• Have you ever been unable to get out of bed after a fight?
• Have you ever needed medical care after a fight? What kinds of injuries have you sustained?
• Have you ever sought medical services after a fight?
• Has your partner ever withheld medication or prevented you from seeking medical services?
• Have you ever sought services such as a battered women's shelter or support group?
• Does your partner have access to weapons, like hunting knives or guns?
• How long has the violence gone on? Has it always been this bad? How bad do you think it could get?
• Has your partner ever forced you to have sex when you did not want to?
• Has your partner ever pressured you to have "make up" sex after a fight, when you were unwilling or wanted to be alone?
• Has your partner ever had affairs and bragged about them to you?
• Has your partner ever pressured you to engage in sexual activities you felt were humiliating, frightening, or painful?
• Have you ever been worried about contracting HIV from your partner? Has your partner forced you to engage in unprotected sex?
• Has your partner ever threatened to hurt you if you did not agree to have sex when and how he or she wanted?
• Has your partner ever physically restrained or injured you during sex?
• Have you ever sought services such as rape crises counseling?
• Does your partner drink or use drugs too much?
• Does your partner have a problem controlling his or her temper soon after using substances?
• Does your partner become frightening, controlling, or more hostile soon after using substances?
• Does your partner have a problem controlling his or her temper the day after using substances?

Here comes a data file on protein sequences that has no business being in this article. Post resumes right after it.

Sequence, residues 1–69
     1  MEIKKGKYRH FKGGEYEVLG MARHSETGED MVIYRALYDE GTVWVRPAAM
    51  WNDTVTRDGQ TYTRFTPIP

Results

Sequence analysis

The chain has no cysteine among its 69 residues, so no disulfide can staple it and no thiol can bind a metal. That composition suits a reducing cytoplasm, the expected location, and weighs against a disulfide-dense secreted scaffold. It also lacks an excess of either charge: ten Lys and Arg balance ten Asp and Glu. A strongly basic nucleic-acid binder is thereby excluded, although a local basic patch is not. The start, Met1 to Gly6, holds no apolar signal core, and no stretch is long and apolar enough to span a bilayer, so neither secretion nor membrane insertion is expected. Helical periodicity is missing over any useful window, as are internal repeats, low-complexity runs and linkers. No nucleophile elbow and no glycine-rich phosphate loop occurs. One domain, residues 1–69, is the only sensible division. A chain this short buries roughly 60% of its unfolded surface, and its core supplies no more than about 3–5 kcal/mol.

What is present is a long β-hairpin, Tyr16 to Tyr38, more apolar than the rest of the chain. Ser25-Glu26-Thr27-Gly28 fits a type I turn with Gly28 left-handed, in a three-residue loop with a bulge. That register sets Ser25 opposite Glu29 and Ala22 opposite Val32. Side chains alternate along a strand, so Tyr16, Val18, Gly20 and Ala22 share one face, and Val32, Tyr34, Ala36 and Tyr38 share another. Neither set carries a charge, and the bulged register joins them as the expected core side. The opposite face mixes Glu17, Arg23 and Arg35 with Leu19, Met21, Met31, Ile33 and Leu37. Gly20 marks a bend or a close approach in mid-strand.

• Does your partner become frightening, controlling, or more hostile the day after using substances?
• Has your partner been physically or sexually violent after using substances?
• Has your partner ever forced you to use substances?
• Have you ever sought services for codependence or substance abuse?
• Do your children witness serious arguments between you and your partner?
• Do your children seem scared, upset, and/or angry after these arguments?
• How much violence have the children witnessed? How do they understand it?
• Do the children try to intervene to stop it?
• Does your partner threaten to hurt your children?
• Has your partner prevented you from doing something to care for your children, such as shopping, keeping medical appointments, or contacting a child's teachers?
• Has your partner physically or sexually abused your children? Have you been fearful he or she would?
• Have the children told anyone?
• Have the children needed medical attention as a result of your partner? What kinds of injuries did they sustain?
• Has your partner ever withheld medication or prevented you from seeking medical services for the children?
• How do you think your partner will react to a report against him or her?
• Is there anywhere you can stay while the report is being investigated? What will happen if your partner seeks you out there?
• Do you need to take your children with you?
• Do you have a safety plan?
• Does your partner suffer from emotional problems like severe depression or rage?
• Has your partner ever threatened to kill himself or herself? Has your partner ever threatened to kill you?
• Does your partner have access to a weapon?
• Has your partner ever threatened to harm you if you left the relationship? What did he or she threaten and can they carry out this threat?
If you or anyone you know is a victim of domestic violence of any kind, please call this number. There is a safe escape button on the website below that will not show up in the history on your computer. Remember that you deserve to be safe in your own home!
1.800.799.SAFE (7233) 1.800.787.3224 (TTY)
ANONYMOUS & CONFIDENTIAL HELP 24/7